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Martin Anderson - Obsequy for Lost Things

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Martin Anderson - Obsequy for Lost Things

Published 2014. Paperback, 8.5x5.5ins, 90pp.
ISBN 978-1-84861-350-8. [Download a sample PDF from this volume here.]
 
Obsequy for Lost Things consists of three prose-poetry sequences. The first two share the setting of the Thames estuary. They all share, however, like the author’s previous collection of prose-poetry sequences  Interlocutors of Paradise (from Skylight Press), and his The Hoplite Journals, a concern with history and the psychology of colonialism. As such they also confront, in the defeat of colonialism, what Martin Jacques called “the most important event of the 20thC”. An event, involving the attempt to violently suppress it, which coming-of-age British poets in the 1960s didn’t confront, and which A. Alvarez in his essay in his influential anthology The New Poetry (1962) didn’t deem worthy of inclusion alongside other manifestations of “Evil”: nuclear war and the Nazi holocaust. If British poets today, however, are to acquire what he termed “a new seriousness, a willingness to face the full range of [their] experience with [their] full intelligence” then they need to avoid what Alvarez called “easy exits” and to redress such an omission.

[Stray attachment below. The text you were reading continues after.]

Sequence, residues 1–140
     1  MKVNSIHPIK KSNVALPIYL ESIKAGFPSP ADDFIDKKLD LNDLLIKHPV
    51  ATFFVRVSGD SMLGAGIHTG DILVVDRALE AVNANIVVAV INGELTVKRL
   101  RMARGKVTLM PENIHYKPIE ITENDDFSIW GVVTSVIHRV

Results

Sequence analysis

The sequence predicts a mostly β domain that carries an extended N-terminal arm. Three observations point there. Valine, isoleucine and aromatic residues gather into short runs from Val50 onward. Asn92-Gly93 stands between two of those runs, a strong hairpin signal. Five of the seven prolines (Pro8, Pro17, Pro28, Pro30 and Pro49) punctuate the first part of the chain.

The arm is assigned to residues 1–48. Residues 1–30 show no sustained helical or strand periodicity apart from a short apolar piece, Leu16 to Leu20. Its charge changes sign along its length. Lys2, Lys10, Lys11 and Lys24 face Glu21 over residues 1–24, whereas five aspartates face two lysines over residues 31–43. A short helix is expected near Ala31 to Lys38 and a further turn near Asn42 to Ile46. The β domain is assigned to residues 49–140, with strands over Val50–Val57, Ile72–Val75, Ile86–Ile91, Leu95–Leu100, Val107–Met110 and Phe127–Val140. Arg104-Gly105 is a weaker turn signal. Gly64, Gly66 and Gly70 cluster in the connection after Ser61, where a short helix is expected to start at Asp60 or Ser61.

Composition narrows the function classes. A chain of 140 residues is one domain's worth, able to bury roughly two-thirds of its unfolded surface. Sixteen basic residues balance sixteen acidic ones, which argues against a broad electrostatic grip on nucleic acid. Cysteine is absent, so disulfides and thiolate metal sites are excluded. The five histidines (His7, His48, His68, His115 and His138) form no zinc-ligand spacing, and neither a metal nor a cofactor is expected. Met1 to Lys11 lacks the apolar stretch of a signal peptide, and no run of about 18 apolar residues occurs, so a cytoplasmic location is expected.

Of Anderson’s recent Snow. Selected Poems 1981-2011, it was said:
 
‘Inner space is what Anderson’s poems were made for. Astonishing. Far and away the best collection of poems published in 2012’
                                                        —George Messo
 
‘A very beautiful book. A classic of the great nostalgia of exile.’
                                                       —Nathaniel Tarn
 
‘Will serve as new territory to many Western readers… The intensity of many of these poems grows out of silence, and the expectation of sound, often minute, but within the context of its space, huge in importance… [They are] poems which reward concentrated reading… evok[ing] a gentle power, treading a path that is counter to much modern writing, and welcome for that.’
                                                        —Sean Street

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